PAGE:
Fresh Skirmishes in Kokang Region, Says Military

By Nyein Nyein 30 November 2015

RANGOON — Government troops and ethnic Kokang rebels clashed briefly in Laukkai over the weekend, less than two weeks after martial law was lifted in the area.

The military-run Myawaddy newspaper reported that soldiers from the Myanmar National Democratic Alliance Army (MNDAA) fired upon a military patrol in Laukkai town shortly before midnight on Friday, before retreating towards the Chinese border in the northeast when the patrol returned fire.

The report added that the Burma Army combed the area the following morning and found a cache of rockets and mines belonging to the Kokang insurgents, and would continue patrolling the area to protect public safety.

Residents of both Laukkai and regional center Lashio, 160 kilometers to the southwest, said they had heard about the clashes, which were minor compared to the MNDAA assault on the town in February.

“Everything is normal in Laukkai,” said local resident Moe Tun, adding that he was unaware of whether the situation had changed in the hills surrounding the town.

The clash occurred ten days after the government rescinded its declaration of a state of emergency in Laukkai on Nov. 17. Martial law was first declared on Feb. 18 followed an assault on the town by MNDAA forces the previous week.

Tens of thousands of Laukkai residents fled their homes in the aftermath of the February clashes, with ethnic Kokang residents heading across the Chinese border and migrants from other parts of Burma fleeing to Lashio and further afield.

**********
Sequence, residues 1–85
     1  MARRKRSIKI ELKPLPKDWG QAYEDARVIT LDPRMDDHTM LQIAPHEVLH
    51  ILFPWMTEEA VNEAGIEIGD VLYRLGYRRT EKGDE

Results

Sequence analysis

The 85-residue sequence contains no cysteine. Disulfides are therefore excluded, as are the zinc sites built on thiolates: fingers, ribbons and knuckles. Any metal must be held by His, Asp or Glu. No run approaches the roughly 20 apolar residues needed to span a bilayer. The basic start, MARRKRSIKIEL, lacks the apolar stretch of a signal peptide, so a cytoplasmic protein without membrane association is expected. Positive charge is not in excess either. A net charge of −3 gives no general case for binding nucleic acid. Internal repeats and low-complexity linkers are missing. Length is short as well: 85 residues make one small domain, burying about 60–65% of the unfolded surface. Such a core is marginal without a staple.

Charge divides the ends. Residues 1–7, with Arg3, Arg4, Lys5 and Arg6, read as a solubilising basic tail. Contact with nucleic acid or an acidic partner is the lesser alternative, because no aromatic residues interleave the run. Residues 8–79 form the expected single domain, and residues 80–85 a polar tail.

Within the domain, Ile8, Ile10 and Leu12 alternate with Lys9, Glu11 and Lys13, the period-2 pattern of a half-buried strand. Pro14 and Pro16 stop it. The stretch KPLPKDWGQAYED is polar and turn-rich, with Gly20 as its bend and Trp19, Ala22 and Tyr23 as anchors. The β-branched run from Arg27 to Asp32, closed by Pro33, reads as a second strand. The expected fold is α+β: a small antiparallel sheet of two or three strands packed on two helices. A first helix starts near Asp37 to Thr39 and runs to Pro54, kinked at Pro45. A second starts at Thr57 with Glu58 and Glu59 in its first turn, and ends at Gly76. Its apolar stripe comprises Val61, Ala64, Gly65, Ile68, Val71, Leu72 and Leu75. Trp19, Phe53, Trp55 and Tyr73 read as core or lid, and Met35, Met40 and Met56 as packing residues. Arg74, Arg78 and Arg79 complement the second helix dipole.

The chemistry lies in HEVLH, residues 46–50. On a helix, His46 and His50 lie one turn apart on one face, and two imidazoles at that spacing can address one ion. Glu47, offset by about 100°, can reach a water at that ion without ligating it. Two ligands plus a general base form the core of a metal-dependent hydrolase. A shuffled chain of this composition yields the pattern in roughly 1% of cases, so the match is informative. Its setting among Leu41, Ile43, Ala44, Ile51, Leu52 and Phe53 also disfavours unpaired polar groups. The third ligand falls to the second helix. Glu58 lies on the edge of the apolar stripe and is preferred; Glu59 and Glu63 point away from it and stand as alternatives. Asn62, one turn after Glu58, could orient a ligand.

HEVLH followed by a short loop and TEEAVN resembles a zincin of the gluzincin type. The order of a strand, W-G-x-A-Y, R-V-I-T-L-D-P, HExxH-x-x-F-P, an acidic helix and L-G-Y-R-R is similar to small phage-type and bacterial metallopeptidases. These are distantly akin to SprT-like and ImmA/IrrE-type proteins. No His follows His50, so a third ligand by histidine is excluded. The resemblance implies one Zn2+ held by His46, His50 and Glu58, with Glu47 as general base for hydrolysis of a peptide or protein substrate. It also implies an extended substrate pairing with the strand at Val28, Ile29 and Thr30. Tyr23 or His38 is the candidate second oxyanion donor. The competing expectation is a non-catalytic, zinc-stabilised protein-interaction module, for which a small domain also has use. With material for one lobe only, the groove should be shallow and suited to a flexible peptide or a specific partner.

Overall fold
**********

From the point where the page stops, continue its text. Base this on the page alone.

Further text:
Most of those who fled have since returned to their homes in Laukkai, according to Yang Kyin Kan, the vice chairman of the Lashio-based Kokang Democracy and Unity Party.

The MNDAA, one of several ethnic armed group offshoots of the defunct Communist Party of Burma, exercised de facto rule over Laukkai for two decades under the command of Peng Jiasheng.

Amid accusations of the armed group’s involvement in gunrunning and drug trafficking, Peng Jiasheng’s residence was raided in August 2009, in events that culminated a month later with the expulsion of the MNDAA from Laukkai and the takeover of the region by the Burma Army.

The MNDAA, a member of the United Nationalities Federal Council, is among those ethnic armed groups the current government has excluded from the peace process. The exclusion of the Kokang insurgents, along with the Arakan Army and the Ta’ang National Liberation Army, was cited by other armed groups as a reason for refusing to sign the government’s “nationwide” ceasefire agreement in Naypyidaw last month.